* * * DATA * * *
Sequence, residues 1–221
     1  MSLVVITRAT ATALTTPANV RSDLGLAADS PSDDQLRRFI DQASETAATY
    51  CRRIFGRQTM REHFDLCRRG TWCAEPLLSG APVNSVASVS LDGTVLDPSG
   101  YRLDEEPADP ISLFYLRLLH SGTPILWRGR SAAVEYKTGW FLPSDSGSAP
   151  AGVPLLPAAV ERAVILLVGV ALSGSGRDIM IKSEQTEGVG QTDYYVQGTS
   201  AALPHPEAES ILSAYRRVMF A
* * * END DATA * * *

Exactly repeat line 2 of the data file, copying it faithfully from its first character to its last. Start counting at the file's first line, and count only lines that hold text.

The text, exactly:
     1  MSLVVITRAT ATALTTPANV RSDLGLAADS PSDDQLRRFI DQASETAATY